Long-awaited draft guidance on Section 100A


Tax avoidance via trust distributions – ATO guidance on s100A reimbursement agreements

Draft Taxation Ruling TR 2022/D1 & Draft Practical Compliance Guideline PCG 2022/D1

S100A is an anti-avoidance provision within the tax legislation which targets trust distributions exhibiting the characteristics outlined below. It has not been widely used by the ATO to date but these rulings suggest it may have greater application to typical family groups.

For s100A to apply, the following conditions must exist:

(1)   A Beneficiary is made presently entitled to the income of the trust ie. the trustee resolves to make a distribution to the beneficiary;

(2)   A benefit is provided to someone other than the beneficiary which was made presently entitled;

(3)   There is a purpose of reducing someone’s income tax liability; and

(4)   The agreement does not fall within the ordinary family or commercial dealing exception. The transaction must be able to be explained as achieving regular “familial or commercial ends”, ie. merely having all parties to the arrangement as family members does not guarantee that the exception will apply.

If the ATO determines that s100A applies, the beneficiary is no longer considered entitled to the income, but instead the trustee is taxed at the top marginal tax rate of 47% on such income.

Situations where s100A could apply:

  • Adult children are made presently entitled to trust income, but their entitlement is never paid or they gift/lend their entitlement to other family members;
  • Adult children are made presently entitled to trust income, but their entitlement is offset against other amounts payable to the trust (see section below on the Taxpayer Alert);
  • Non-resident/foreign beneficiaries are made presently entitled to trust income, but their entitlement is never or only partially paid;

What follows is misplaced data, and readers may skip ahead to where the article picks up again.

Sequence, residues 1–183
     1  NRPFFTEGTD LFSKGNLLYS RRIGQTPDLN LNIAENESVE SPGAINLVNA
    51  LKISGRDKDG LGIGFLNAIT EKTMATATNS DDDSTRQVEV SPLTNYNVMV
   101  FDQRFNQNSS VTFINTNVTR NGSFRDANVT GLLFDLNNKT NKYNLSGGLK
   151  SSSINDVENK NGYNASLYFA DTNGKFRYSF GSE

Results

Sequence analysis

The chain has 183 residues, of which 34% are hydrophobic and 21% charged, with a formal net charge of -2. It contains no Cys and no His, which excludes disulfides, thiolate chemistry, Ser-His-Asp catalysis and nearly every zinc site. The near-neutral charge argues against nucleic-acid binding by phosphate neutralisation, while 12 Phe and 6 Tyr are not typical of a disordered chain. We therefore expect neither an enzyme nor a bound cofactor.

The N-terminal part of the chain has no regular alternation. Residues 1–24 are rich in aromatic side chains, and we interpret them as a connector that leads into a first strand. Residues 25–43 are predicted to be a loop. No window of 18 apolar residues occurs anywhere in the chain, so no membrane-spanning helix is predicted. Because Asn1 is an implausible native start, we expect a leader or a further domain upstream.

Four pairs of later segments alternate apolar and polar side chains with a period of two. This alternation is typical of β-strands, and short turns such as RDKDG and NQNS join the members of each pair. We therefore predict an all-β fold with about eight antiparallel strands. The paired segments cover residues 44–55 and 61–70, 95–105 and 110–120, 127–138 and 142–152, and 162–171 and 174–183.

• A beneficiary with significant tax losses is made presently entitled to trust income, but their entitlement is never or only partially paid;
  • Beneficiary is never advised of their entitlement to trust income

Just because a beneficiary does not receive physical payment of their trust entitlement does not automatically mean s100A will apply. The trustee may instead choose to retain some of the funds for investment purposes or for working capital purposes where there is a business operating out of the trust. These situations should not trigger s100A. Such arrangements are considered “low-risk” in the ATO’s risk rating.

Draft Practical Compliance Guidelines PCG 2022/D1 sets out 4 different risk zones and provides scenarios and examples for each risk zone to guide taxpayers and advisors to assess their risk rating and how the ATO will treat the arrangement.

Worked Example – Based on Example 5 in the PCG – Green Zone

  • Greater Trust holds a number of investment assets.
  • Ms Great and Mr Better have two children, Hubert (aged 15) and Violet (aged 17).
  • On 30 June 2023, the trustee of Greater Trust makes a determination to appoint 50% of the trust income to each of Ms Great and Mr Better. Funds representing the entitlement are paid to a bank account jointly held by Ms Great and Mr Better. The funds are subsequently used for purposes which benefit both of them and their children.

  • The entitlements were used for joint family purposes and to benefit the beneficiaries’ dependent children. This is an example of an arrangement falling in the green zone so the ATO would accept it and not review it.

Worked Example – Based on Example 7 in the PCG – Red Zone

  • Brown Trust’s beneficiaries include the members of the Brown Family. Brown Co is the trustee of Brown Trust, and Bronwyn Brown is the sole shareholder and director of the trustee.
  • Bronwyn is the parent of three adult children; Sandra (aged 26), Simon (aged 21) and Sam (aged 19).
  • During the 2022-23 income year, Sandra is self-employed and has a taxable income of $90,000. Simon and Sam live at home, study full-time and derive no income during the income year.